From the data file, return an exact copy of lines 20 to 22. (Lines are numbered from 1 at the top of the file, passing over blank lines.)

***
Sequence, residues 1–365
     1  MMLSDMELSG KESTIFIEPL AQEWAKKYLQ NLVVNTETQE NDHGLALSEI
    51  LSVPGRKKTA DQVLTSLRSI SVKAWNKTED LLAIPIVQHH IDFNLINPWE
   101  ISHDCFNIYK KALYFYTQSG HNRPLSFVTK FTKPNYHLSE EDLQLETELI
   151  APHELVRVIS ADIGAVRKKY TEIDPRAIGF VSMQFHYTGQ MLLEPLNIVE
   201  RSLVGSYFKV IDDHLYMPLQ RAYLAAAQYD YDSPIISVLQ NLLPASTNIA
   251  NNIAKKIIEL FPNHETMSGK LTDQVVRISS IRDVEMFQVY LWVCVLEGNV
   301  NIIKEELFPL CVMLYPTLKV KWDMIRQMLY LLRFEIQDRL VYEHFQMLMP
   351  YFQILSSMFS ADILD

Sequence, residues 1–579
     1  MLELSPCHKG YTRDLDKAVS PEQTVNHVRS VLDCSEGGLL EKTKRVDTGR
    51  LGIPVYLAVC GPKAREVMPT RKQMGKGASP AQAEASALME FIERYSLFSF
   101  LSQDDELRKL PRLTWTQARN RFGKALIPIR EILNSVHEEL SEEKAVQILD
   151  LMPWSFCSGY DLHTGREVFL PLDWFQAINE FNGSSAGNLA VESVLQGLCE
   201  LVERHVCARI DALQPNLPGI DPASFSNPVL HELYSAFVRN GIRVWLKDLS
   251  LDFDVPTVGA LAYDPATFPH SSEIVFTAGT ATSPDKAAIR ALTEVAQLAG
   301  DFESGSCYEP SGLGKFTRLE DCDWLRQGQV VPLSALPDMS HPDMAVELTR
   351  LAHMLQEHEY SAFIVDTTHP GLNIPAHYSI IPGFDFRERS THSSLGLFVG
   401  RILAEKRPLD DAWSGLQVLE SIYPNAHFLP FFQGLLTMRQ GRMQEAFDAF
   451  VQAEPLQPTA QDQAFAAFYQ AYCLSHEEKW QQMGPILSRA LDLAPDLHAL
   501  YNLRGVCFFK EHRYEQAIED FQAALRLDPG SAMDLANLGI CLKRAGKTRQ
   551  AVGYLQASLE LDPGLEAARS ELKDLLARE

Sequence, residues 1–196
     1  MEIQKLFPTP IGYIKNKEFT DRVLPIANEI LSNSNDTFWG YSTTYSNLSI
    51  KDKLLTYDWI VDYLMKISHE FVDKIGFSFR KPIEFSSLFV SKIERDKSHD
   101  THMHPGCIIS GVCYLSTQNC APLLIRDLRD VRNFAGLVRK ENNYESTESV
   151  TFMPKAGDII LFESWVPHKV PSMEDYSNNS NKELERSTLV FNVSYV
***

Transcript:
   451  VQAEPLQPTA QDQAFAAFYQ AYCLSHEEKW QQMGPILSRA LDLAPDLHAL
   501  YNLRGVCFFK EHRYEQAIED FQAALRLDPG SAMDLANLGI CLKRAGKTRQ
   551  AVGYLQASLE LDPGLEAARS ELKDLLARE